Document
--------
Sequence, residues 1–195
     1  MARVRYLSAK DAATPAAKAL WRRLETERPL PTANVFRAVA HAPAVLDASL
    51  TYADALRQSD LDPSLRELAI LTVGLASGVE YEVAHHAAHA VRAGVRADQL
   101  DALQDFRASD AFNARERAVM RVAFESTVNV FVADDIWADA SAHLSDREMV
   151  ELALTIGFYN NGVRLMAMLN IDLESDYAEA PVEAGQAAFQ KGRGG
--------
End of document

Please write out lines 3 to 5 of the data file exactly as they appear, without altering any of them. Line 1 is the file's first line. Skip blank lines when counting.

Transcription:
    51  TYADALRQSD LDPSLRELAI LTVGLASGVE YEVAHHAAHA VRAGVRADQL
   101  DALQDFRASD AFNARERAVM RVAFESTVNV FVADDIWADA SAHLSDREMV
   151  ELALTIGFYN NGVRLMAMLN IDLESDYAEA PVEAGQAAFQ KGRGG